NCTA: The main gist of the NCTA's comments is that there is already competition and the video options are exploding and that cable is already working towards the goals without regulations (DLNA, MoCA, DECE, TV anywhere, gateways, tru2way). It believes that "the Commission (should) leave industry with the flexibility to test and use diverse solutions that can adapt to rapid changes in technology, competition, and consumer demand" -- it really makes us roll our eyes every time we hear the NCTA mention consumer demand, competition and rapid change; three things that are obvious its members don't understand. The comments plea with the the FCC and that it "should not impose artificial constraints on the development of a variety of approaches and devices in the name of "common reliance."" The "AllVid approach outlined in the NOI strives for the right outcome but fails to account for how constraining innovation will harm consumers." The NCTA believes that "the NOI suggests unworkable (and unlawful) elements of disaggregation and disintermediation of the cable business" -- we just love this one, this basically means that providers don't want to be dumb pipes and if it doesn't control the user interface, then providers will go out of business. Some of the reasons mention were that it doesn't offer adequate protection and it doesn't protect the guide data (which is licensed with restrictions). But saying that isn't enough, the NCTA went on to say "This approach is beyond the bounds of Section 629 (the law that gives the FCC authority on this matter) as well as other provisions of the Communications Act delimiting Commission authority over the provision or content of cable services."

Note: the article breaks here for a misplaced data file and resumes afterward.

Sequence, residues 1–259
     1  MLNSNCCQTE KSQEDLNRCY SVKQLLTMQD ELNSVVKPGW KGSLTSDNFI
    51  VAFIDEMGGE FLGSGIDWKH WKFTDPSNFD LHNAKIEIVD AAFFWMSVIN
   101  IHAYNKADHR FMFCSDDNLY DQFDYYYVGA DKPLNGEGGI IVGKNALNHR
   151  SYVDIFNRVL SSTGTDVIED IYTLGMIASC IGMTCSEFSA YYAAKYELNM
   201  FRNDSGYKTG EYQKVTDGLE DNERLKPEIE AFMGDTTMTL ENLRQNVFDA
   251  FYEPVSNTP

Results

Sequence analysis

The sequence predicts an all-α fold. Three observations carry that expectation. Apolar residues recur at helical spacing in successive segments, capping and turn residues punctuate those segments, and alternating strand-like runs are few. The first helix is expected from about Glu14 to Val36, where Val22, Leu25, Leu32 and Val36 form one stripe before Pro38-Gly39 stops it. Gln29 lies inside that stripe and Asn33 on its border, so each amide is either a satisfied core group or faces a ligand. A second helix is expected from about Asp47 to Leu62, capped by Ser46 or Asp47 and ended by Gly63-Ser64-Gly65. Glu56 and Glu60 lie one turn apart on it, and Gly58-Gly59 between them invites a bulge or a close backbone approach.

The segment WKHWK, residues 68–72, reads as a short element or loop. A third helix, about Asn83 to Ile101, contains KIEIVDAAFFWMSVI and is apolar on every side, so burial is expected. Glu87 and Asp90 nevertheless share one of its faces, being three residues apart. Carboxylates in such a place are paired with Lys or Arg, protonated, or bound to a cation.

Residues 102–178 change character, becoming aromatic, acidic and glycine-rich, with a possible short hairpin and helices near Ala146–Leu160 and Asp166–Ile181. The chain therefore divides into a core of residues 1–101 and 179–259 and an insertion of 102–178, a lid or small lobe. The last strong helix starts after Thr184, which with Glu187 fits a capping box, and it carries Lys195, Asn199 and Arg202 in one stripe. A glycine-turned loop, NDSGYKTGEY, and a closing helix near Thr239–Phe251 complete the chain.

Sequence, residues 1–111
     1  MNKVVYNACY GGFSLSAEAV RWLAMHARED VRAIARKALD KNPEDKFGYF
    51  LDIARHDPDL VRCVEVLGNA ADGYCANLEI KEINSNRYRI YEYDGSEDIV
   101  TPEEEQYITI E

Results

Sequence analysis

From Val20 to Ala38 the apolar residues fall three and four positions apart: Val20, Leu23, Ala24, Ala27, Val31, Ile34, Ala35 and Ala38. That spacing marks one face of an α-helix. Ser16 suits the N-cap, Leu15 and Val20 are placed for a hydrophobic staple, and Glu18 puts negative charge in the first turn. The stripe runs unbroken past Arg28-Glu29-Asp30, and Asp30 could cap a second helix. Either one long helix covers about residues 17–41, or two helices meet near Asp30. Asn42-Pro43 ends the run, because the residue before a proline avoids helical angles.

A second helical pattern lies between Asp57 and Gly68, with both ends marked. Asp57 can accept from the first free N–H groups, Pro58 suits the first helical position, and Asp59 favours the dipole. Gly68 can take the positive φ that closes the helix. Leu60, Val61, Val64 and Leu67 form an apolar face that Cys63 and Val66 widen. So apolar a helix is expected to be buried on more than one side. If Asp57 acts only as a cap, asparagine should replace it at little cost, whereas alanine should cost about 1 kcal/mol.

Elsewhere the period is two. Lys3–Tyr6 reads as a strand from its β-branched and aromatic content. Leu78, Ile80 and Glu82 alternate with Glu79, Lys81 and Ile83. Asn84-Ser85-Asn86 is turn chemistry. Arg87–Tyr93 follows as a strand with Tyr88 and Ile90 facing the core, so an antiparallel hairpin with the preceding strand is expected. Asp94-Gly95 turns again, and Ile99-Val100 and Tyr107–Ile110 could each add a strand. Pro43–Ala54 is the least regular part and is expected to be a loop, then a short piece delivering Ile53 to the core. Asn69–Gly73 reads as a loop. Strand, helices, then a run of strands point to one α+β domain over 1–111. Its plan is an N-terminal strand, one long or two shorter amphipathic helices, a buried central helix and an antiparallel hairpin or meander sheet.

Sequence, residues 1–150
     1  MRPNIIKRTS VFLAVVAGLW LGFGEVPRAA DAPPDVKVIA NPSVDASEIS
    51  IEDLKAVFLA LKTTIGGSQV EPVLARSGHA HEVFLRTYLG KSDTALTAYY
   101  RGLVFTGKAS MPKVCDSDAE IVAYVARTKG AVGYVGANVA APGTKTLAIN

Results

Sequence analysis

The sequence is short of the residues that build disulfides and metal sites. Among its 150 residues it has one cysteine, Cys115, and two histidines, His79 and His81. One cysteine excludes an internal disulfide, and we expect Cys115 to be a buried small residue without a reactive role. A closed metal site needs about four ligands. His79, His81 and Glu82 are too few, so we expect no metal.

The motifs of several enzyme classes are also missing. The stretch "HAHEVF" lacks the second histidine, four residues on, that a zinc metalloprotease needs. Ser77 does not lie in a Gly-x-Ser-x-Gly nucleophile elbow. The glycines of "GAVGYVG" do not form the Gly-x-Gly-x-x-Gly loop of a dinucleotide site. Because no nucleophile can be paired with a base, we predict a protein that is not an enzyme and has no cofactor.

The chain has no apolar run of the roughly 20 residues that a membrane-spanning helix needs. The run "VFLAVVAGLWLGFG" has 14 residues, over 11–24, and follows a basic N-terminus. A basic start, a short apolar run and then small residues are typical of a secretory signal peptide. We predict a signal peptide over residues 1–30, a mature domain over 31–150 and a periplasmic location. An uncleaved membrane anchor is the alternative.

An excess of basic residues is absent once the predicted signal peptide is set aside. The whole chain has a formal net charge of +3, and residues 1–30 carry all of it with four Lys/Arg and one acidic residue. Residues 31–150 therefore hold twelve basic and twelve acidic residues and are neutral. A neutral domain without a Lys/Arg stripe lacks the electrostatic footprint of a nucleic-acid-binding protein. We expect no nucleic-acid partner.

After all that negativity, the comments go on to describe suggestions for the gateway if the FCC can't be swayed to give up on the idea. Like the fact that "AllVid interfaces must enable networked devices to receive a provider's user interface for interactive services" -- this is the same reasoning that got us tru2way which prevents a 3rd party DVR from offering Netflix streaming in the same UI as the provider's video-on-demand; basically it means the provider needs to control the user interface, not TiVo, Google, or anyone else. It also believe that RVU is ill-suited to cable's more interactive architecture -- ha, what else can we say when a cable calls its architecture interactive? Other remote user interfaces like CEA-2014-A and HTML5 are examples of more appropriate.